Long post ahead. Also, this is part of a larger piece of writing I am working on, so know that a few things might feel out of context. I think it will all explain itself if you read to the end. And if you don’t, your life will likely go on just fine, so win-win either way!
For the past two years in March, I have gone to Washington, DC to attend the Americans for the Arts conference. I stay with my friend Ellen in her great big beautiful house near the National Cathedral, and I enjoy much of the art that the city has to offer.
This past March, the trip got a little topsy turvey because Ellen had to be unexpectedly out of town the entire time I was there. While I never did get to see Ellen, despite staying in her house, she connected me to her friend Glen. Glen is retired, after a successful legal career, and now serves on the board of Americans for the Arts, so meeting him was a piece of cake since we were both at the conference anyway.
Gotta love when the Universe makes it easy, don’t ya?
At any rate, Glen, for no reason beyond Ellen asking him to, took the time to meet me and to learn about me.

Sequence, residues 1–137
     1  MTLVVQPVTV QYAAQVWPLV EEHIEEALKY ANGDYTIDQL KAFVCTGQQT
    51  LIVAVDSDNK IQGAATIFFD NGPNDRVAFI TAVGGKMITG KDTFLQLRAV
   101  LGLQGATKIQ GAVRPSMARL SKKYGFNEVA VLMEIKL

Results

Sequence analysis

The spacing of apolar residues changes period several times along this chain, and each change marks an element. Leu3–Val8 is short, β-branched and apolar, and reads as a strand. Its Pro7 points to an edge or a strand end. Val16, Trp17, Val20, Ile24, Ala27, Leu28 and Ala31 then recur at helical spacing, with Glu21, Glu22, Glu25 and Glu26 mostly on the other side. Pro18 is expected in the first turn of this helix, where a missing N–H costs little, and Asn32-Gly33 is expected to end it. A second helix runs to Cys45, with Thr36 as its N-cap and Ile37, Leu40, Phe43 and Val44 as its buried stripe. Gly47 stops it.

What was so lovely about Glen was that he didn’t speak at me or to me; he spoke with me. He asked me questions about myself and then just sat back and listened. He never one time mansplained anything to me—not once!
He told me a few stories about himself but more for context than for the shock and awe another man of his stature might have expected…and quite frankly demanded.
Oh patriarchy, you are incorrigible!
We laughed about some experiences I had had that would have been completely different for him, what with my multiple state school degrees and his Ivy League ones, and me being a “she” and he being the much more correct “he.” And then let’s not forget that I am a lowly arts advocate who runs a nonprofit in the middle of nowhere, and he has been an attorney at some major national institutions in Washington, DC. You can imagine that Glen would garner more attention and respect than I would from, say, an event like Renaissance Weekend (not the giant turkey leg kind of Renaissance weekend, but an Ivy league, intellectual gathering of extremely important people. Just ask them, they’ll be so happy to tell you just how important they each are).